Fiorentina, Lazio get Serie A reprieve

Juventus’s relegation from the top-flight of Italian football was confirmed on Tuesday but Lazio and Fiorentina were reinstated after a final appeal into the match-fixing scandal that has rocked Serie A.

Fiorentina and Lazio were both restored to the top division, having originally been demoted to Serie B for their part in the scandal.

Fiorentina start the new campaign with a 19-point handicap, while Lazio have an 11-point penalty.

But Juve, who had been most heavily implicated, had their relegation to Serie B confirmed. The Turin giants, however, had their points handicap slashed from 30 to 17, giving them some hope of gaining promotion next season.

The fourth club involved, AC Milan, had escaped relegation in the original sentencing but were given a 15-point handicap. However, this has now been cut to eight following the appeal hearing.

Most significantly, Milan will now be able to play in the preliminary tournament for next season’s Champions League—a lucrative reprieve that is likely to earn them millions should they qualify for the main draw.

Juventus, Fiorentina and Lazio will not be allowed to take part in European competition next season.

Juventus and Fiorentina had qualified for the Champions League (direct entry into Champions League for Juve and a place in the third qualifying round for Fiorentina) and Lazio had clinched a Uefa Cup place.

Inter Milan and Roma will have direct entry into the Champions League group stages, while Chievo and Milan will go into the third qualifying round.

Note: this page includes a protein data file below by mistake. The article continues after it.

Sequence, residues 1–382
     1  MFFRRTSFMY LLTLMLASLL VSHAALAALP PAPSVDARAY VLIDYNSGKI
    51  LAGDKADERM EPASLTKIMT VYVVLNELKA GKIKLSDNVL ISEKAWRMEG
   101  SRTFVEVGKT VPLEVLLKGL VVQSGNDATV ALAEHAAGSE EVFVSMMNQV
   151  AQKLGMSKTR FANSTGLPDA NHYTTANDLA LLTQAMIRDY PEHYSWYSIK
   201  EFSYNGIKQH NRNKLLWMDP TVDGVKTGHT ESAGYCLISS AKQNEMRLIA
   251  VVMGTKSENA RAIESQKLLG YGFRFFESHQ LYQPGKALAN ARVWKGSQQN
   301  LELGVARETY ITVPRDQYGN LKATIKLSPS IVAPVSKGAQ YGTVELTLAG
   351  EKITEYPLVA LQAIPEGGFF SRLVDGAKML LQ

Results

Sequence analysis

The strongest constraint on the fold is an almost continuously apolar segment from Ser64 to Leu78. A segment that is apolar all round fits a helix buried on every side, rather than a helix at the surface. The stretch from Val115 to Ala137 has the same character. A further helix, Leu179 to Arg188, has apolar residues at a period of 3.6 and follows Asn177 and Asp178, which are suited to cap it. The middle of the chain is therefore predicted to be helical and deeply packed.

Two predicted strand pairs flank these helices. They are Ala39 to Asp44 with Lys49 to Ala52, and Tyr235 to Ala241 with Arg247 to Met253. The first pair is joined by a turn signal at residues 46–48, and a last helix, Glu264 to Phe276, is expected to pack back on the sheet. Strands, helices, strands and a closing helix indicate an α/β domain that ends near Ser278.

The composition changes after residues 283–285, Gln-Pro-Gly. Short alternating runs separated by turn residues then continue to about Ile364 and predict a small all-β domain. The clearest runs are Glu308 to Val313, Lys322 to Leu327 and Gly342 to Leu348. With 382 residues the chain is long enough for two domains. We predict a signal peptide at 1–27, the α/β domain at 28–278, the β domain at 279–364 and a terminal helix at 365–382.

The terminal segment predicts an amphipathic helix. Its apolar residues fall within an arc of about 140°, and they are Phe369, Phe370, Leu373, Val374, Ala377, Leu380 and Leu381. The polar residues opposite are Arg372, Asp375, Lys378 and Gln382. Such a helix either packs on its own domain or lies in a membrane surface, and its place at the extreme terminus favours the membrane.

The revised sentences were handed down by Piero Sandulli, the president of the Italian football federation’s court of appeal at the Parco Dei Principi hotel.

Despite regaining their top-flight status, neither Lazio president Claudio Lotito or his Fiorentina counterpart Diego Della Valle were particularly happy.

“I’m really not satisfied,” Lotito groaned.
“Lazio haven’t broken any rules.

“The fact that we can’t compete in the Uefa Cup isn’t in line with the truth.”

“It’s the first step, but Fiorentina are innocent,” scoffed Della Valle.

“We will go to every court to try and clear our name and prove that we did nothing wrong. We will continue to protest our innocence until we get our Champions League place back, which we earned on the pitch.”

Due to the weight of damning evidence against them, Juventus had already been stripped of the two league titles they won in 2005-06 and in 2004-05.

The original punishments were handed out to the disgraced clubs just five days after Italy won the World Cup.

The clubs had been pleading their cases for more lenient sentences since Saturday.

The match-fixing scandal broke in May after transcripts of former Juventus general manager Luciano Moggi telling the head of Italy’s referees association which officials to appoint to specific Juve games were published in Italian papers.—AFP

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